about 1 year ago - No comments
I thought I’d break this blogging fast with a nice roundup, featuring books by the prolific, award-winning author-illustrator David Macaulay! I discovered David Macaulay back in college, when my illustration teacher showed us the Caldecott-winning Cathedral (which I read along with Pillars of the Earth), and I filed him away in my mental book…
about 1 year ago - 1 comment
Philippine children’s illustrators group Ang Ilustrador ng Kabataan (Ang INK) is currently open for new members! To apply for membership, just email all requirements (see below) to email@example.com Deadline on February 29, 2012, 5pm Requirements: 1.) Accomplished application form: https://docs.google.com/viewer?a=v&pid=explorer&chrome=true&srcid=0BxLm2kIWpJrpMWQyNmU3NWEtODAyYy00ZWVmLTk0YmUtMzEwNzk4ZjI4YzQx&hl=ja 2.) 1 illustration based on the story “Anong Gupit Natin Ngayon” http://www.pbby.org.ph/downloads/pbby_anong-gupit-natin-ngayon_2011.pdf 3.) 5 sample…
about 1 year ago - 2 comments
Children’s illustrators’ group Ang Ilustrador ng Kabataan (Ang INK) celebrates 20 years of Philippine Children’s Book Illustration with “20 Taon,” an exhibit at Ayala Museum, which opens tomorrow night and runs until Jan 15. Here’s the official announcement from Ang INK: Many of the illustrations in “20 Taon” are from bestselling books from major Philippine…
about 1 year ago - 36 comments
Got a lovely surprise delivered to the office yesterday! Ta da da dum… Ta da da dum…. It’s heeeeeere! Forgive the shameless plug, it’s not everyday I get a book released! :) Ang Pag-ibig ni Maryang Sinukuan is a book in the latest set of Anvil Publishing’s Lola Basyang series, stories written by Severino…
about 2 years ago - No comments
Back in December, the Filipino book bloggers met up with Marianne Villanueva, who is one of the most delightful authors I’ve ever had the chance to meet. I got a signed copy of her book, The Lost Language: Stories (and in nice paper, too!) and I finally got to read it earlier this year. If…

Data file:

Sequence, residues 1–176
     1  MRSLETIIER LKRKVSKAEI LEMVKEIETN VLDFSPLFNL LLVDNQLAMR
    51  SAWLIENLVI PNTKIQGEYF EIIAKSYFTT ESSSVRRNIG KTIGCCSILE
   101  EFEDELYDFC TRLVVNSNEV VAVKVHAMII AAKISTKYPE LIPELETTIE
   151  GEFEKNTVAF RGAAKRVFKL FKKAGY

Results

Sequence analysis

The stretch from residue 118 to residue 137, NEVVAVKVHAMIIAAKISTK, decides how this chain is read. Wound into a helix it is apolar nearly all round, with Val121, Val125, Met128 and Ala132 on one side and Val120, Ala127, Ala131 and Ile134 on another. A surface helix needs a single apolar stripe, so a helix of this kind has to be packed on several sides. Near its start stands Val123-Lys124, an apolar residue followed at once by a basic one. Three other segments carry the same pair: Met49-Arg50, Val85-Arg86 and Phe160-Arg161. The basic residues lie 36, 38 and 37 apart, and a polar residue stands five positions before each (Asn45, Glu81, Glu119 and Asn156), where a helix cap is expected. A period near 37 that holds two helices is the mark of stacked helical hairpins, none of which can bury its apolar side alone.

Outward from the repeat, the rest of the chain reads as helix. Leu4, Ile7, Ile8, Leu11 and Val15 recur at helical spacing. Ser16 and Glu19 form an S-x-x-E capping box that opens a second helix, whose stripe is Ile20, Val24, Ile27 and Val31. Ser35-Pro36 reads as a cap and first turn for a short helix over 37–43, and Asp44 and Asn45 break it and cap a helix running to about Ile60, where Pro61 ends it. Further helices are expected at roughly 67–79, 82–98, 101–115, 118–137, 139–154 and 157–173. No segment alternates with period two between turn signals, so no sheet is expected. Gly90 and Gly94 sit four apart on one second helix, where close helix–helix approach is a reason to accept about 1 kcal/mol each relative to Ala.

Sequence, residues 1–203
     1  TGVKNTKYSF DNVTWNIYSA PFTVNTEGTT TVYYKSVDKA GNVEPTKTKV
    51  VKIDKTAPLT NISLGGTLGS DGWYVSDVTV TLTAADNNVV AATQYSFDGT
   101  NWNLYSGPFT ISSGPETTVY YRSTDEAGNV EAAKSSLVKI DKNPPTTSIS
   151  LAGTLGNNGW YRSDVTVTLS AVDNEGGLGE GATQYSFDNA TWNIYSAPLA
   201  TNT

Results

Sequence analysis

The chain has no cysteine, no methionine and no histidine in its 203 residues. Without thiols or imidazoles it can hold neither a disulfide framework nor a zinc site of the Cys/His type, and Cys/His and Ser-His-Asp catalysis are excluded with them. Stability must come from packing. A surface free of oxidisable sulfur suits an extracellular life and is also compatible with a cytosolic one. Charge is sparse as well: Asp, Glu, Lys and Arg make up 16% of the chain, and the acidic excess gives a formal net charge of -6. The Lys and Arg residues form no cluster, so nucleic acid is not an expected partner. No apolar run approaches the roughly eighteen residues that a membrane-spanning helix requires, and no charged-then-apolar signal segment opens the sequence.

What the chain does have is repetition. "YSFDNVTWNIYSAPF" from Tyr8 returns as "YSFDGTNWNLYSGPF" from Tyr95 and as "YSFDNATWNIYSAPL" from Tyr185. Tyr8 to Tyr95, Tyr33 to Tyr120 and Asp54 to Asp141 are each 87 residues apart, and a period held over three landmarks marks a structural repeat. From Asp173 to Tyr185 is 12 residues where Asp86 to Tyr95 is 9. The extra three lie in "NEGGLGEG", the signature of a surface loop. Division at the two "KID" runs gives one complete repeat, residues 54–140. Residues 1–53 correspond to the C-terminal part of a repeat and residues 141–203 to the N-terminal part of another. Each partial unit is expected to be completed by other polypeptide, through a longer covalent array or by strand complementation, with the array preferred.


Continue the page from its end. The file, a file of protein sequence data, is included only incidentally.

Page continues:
about 2 years ago - 10 comments
When I was in third grade, our class was sent to the audio-visual room for a storytelling session of the picture book Juan and the Asuangs. The story was frightfully fascinating — a young boy named Juan outsmarts several asuangs, which are Philippine mythical creatures, often of the blood-sucking variety. I have not seen that…
about 2 years ago - 7 comments
This is our book club, Flips Flipping Pages, as caricatured by my good friend (and surrogate book club big sister) Ajie Taduran (see, I told you my friends are brilliant!) after one of our book discussions last year. Can you find me in the cartoon? And this is me, drawn by Ajie because I got…
about 2 years ago - 10 comments
September 25 to October 2 is Banned Books Week, an annual event that celebrates the freedom to read. Spearheaded by the American Library Association, the celebration of Banned Books Week emphasizes intellectual freedom, “the freedom to access information and express ideas, even if the information and ideas might be considered unorthodox or unpopular.” Growing up…
about 2 years ago - 4 comments
I like good, strong voices in fiction. I like characters that ring true, make a distinct impression, and keep me engaged in the story. In the past week, I read The Virgin Suicides by Jeffrey Eugenides and The Lacemaker and the Princess by Kimberley Brubaker Bradley. These two novels each offered a unique point of view:…